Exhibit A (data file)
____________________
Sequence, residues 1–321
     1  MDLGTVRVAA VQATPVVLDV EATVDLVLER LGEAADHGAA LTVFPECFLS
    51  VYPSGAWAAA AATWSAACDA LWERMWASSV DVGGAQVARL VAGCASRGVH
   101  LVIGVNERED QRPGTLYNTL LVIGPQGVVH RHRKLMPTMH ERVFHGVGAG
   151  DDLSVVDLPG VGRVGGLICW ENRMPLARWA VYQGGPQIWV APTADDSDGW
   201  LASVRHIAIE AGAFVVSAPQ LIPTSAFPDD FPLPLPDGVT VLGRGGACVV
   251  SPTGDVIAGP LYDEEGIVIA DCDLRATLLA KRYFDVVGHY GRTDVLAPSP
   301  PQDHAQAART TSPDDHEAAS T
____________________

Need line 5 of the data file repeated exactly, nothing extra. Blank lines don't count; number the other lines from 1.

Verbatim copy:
   151  DDLSVVDLPG VGRVGGLICW ENRMPLARWA VYQGGPQIWV APTADDSDGW